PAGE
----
July 1964

Gardner's SyndromeA Family Group Study and Review

Author Affiliations


From the Department of Dermatology (Drs. Weary, Cawley, and Graham) and the Division of Plastic and Maxillofacial Surgery (Dr. Coleman), University of Virginia School of Medicine, Charlottesville, Va, and the Campbell County Health Department, Rustburg, Va (A. Linthicum).

Arch Dermatol. 1964;90(1):20-30. doi:10.1001/archderm.1964.01600010026007

The largest family group yet recognized to have Gardner's syndrome is reported.

Gardner's syndrome is transmitted as a dominant hereditary disorder, but whether or not more than one gene is involved is not yet established.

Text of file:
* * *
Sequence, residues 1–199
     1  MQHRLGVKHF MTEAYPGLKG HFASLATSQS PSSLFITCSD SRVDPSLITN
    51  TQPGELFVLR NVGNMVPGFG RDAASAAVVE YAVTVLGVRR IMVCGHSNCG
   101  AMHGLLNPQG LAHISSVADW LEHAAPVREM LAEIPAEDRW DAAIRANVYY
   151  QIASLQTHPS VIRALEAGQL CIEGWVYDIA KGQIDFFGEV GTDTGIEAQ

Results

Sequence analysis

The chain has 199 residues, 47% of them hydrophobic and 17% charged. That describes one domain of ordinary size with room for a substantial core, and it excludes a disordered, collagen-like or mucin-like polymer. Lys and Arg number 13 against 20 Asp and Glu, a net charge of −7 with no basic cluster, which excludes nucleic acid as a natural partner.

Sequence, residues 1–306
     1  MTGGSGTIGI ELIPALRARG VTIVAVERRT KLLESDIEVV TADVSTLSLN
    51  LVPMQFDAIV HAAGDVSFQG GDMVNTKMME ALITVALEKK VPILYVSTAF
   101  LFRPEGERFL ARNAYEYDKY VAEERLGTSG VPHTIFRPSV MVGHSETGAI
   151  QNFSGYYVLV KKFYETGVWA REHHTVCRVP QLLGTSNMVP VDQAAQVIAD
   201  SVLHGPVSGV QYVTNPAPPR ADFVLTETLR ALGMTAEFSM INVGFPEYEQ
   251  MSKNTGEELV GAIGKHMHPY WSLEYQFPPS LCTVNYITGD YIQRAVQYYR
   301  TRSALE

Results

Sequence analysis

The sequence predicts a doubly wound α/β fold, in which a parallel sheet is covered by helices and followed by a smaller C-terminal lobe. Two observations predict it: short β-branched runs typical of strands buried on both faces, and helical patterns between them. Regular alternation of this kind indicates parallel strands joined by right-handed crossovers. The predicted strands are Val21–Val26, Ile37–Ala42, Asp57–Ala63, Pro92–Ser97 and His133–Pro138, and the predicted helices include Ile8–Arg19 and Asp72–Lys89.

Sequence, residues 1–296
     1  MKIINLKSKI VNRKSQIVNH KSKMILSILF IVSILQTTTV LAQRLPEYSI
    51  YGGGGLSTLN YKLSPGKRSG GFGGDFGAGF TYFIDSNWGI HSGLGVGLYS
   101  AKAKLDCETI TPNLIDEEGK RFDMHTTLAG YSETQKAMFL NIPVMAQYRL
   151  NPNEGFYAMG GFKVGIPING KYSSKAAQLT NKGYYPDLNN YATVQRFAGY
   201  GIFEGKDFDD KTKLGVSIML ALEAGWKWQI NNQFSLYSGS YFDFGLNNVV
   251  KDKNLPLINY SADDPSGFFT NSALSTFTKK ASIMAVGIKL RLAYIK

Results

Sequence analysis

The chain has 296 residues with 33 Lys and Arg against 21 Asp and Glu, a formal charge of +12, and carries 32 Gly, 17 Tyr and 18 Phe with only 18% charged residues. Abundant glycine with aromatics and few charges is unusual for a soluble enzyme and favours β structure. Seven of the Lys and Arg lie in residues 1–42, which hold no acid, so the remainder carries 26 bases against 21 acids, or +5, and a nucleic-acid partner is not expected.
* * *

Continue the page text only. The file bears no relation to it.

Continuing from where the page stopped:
The main clinical features of the disorder are multiple polyposis of the colon, cystic lesions of the skin, fibrous tissue tumors, osteomatosis, and dental anomalies. Of these, multiple polyposis is the most important because of its malignant potential and because it is amenable to surgical correction before malignancy develops.

The most important feature from the standpoint of early recognition of the disorder is the occurrence of disfiguring cystic and fibrous lesions of the skin.

Reasonable criteria for evaluation of the colon of patients presenting with the overt manifestations of Gardner's syndrome are reviewed, and some additional criteria are proposed.